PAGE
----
Before Essen Spiel 2016, I did some research and put together a list of games that I wanted to play that were releasing there. While The Fog of War didn’t make that list of 10 games, I had my eye on it and was very intrigued by what I was reading about it. With that interest, I reached out to Geoff Engelstein on Twitter for an interview and he was more than glad to talk about his new design. From Board Game Geek, here is a little about the game itself:
The Fog of War is a two-player grand strategic game covering the European theater of World War II from 1940 to 1944. One player plays the Axis forces, and the other the Allies.
The game does not have units that move around a map; instead the game focuses on the planning and intelligence aspects of the war. Each player has a deck of cards that represent the army, navy, and other assets of their nations. A map shows the 28 land and sea provinces over which the players are battling.
You defend a province by placing cards face down on the map. If you wish to attack a province, you must plan an “operation” to do so by creating one on your operation wheel. The wheel is a unique way of forcing players to commit to operations in advance, while giving opportunities for intelligence gathering and bluffing. An operation consists of a province card that shows the target of the operation, plus one or more cards to conduct the attack. All of these cards are placed face down, so your opponent does not know the target of the operation or the strength of the cards that are taking part. Each turn, the dial on the operation wheel is rotated by one position. This controls when an operation can be launched and any attack or defense bonuses that apply.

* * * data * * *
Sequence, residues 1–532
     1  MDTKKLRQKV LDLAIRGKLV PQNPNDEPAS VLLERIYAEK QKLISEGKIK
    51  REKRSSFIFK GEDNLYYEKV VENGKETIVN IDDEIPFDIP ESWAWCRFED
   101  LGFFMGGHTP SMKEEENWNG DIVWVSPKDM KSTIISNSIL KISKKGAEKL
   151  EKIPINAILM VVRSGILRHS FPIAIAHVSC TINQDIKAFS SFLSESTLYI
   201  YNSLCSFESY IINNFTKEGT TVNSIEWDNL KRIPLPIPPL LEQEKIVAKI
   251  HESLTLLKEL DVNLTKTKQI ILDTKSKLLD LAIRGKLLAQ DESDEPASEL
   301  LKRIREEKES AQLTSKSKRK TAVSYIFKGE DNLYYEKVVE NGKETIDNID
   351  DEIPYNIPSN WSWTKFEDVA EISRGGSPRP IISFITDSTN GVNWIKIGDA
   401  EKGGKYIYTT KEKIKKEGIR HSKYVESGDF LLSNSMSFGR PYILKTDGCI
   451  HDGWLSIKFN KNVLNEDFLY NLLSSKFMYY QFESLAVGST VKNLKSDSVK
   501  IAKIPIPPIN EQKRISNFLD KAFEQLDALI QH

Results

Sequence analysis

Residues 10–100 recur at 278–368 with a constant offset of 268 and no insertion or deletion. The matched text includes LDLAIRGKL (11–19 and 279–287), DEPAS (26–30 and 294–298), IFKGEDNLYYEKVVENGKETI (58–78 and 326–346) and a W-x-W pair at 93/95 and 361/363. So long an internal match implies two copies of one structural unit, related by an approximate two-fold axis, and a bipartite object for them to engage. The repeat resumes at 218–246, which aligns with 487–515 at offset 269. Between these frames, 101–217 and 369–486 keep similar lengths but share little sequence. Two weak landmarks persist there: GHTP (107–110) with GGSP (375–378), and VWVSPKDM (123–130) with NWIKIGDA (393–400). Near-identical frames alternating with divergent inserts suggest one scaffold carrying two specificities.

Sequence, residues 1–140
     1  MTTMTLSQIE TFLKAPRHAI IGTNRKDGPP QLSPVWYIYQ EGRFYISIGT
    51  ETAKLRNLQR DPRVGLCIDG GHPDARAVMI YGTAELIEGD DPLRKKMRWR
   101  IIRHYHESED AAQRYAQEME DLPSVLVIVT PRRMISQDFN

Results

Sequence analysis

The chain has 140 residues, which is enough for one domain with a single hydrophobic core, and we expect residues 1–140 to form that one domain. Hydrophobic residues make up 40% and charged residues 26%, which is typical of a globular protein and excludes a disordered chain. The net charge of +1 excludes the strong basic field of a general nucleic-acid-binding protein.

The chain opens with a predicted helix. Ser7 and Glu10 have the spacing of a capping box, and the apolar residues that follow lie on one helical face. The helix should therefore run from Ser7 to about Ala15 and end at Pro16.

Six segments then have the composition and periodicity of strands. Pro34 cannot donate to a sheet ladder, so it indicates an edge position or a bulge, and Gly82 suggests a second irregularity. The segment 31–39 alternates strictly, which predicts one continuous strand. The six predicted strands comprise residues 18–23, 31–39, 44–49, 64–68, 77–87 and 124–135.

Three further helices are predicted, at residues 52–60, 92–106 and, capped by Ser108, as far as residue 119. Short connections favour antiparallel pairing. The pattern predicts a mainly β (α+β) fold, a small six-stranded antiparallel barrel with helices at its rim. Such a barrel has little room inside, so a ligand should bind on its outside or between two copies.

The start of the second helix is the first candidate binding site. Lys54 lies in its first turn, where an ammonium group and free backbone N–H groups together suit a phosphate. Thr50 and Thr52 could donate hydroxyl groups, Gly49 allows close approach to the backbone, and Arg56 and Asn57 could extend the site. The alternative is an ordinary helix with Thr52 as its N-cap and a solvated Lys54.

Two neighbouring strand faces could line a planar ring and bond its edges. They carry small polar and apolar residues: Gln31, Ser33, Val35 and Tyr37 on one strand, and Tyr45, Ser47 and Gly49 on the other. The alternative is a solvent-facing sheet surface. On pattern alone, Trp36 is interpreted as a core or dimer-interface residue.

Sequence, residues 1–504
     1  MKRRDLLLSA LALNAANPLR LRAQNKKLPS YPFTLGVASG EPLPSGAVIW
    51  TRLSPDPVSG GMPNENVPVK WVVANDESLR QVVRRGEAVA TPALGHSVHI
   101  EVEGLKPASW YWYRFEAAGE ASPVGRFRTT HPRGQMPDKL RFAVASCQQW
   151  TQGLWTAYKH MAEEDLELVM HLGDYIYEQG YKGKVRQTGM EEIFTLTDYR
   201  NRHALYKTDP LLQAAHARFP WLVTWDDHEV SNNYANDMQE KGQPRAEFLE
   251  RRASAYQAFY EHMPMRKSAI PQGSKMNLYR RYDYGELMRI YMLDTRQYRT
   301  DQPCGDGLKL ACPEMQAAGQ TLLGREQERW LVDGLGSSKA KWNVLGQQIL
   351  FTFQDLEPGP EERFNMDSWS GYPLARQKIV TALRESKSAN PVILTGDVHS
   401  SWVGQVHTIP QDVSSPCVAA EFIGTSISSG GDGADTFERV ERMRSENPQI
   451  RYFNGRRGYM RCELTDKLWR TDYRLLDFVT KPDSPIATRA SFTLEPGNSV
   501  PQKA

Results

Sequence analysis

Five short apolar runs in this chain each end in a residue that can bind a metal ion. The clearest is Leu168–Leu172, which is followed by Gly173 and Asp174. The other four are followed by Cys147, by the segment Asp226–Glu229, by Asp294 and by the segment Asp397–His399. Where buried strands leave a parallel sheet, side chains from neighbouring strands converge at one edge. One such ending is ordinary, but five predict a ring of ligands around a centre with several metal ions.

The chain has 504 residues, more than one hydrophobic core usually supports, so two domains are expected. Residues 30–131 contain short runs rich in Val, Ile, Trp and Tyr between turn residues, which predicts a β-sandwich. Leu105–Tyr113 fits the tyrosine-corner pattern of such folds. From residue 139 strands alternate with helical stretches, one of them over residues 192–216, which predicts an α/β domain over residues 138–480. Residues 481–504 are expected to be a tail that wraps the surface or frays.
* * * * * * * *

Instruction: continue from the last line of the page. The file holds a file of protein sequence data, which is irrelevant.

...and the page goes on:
In addition to combat forces for attack or defense, you may also spend Intel tokens to look at your opponent’s operations and defenses.
Now that you know a little about the game from Board Game Geek, onto the interview with Geoff.
Grant: First off tell us a little about yourself. What do you do in your free time?
Geoff: I’ve been playing games for a long, long time. I learned about the world beyond mass market games in the mid 70’s, when I was introduced to Diplomacy and the Avalon Hill catalog, and then Dungeons & Dragons. I attended my first Origins convention in 1979, and have been very active in the gaming scene since then.
In high school and college I was heavily into wargames. I was president of the Strategic Games Society at MIT during my time there, and we played lots of complex and lengthy games, including Third Reich, the Europa series, Squad Leader, and World in Flames, among others.
When I got married in the 90’s, my wife and I started playing eurogames, which back then we had to import from Germany. While I occasionally dip back into long games like Here I Stand or even Civilization, most of my time is now with shorter fare.
In 2007, I decided to combine my love of math and science with gaming, and began to contribute on The Dice Tower podcast with the ‘GameTek’ segment, which continues to this day. Then in 2011, I started the Ludology podcast with Ryan Sturm to discuss game design topics, which also is still very active.
In order to earn money to support my game-buying habit, I run Mars International, a product development and manufacturing company. My background is in physics and engineering, and I really enjoy solving complex technical challenges and bringing products to life.
Grant: How did you get into board game design?
Geoff: I’ve always been interested in game design. When I was in high school I published two video games for the Apple II computer – Starblaster, and Panic Button. In college, I continued playing with computer game design, but never got anything to full completion.